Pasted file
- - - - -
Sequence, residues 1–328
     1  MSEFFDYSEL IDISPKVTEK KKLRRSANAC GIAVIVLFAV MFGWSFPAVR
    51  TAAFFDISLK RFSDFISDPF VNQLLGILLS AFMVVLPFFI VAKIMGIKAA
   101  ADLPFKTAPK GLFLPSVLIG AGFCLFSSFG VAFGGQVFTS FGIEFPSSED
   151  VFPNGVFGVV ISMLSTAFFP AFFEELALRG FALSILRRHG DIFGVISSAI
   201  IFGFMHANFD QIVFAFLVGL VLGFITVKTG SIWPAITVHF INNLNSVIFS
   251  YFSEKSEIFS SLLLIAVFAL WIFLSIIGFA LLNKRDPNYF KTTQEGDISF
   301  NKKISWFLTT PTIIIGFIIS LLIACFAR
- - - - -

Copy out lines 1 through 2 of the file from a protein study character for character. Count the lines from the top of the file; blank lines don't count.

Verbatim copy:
Sequence, residues 1–328
     1  MSEFFDYSEL IDISPKVTEK KKLRRSANAC GIAVIVLFAV MFGWSFPAVR